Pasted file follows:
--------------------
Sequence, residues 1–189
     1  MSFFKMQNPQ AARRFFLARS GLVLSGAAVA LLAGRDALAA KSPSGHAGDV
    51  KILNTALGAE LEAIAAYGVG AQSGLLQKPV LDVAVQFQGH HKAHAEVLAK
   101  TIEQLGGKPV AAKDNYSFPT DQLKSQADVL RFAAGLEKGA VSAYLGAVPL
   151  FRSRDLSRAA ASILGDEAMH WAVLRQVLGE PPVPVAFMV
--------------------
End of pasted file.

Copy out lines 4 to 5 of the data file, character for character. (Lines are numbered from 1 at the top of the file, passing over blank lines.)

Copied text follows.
   101  TIEQLGGKPV AAKDNYSFPT DQLKSQADVL RFAAGLEKGA VSAYLGAVPL
   151  FRSRDLSRAA ASILGDEAMH WAVLRQVLGE PPVPVAFMV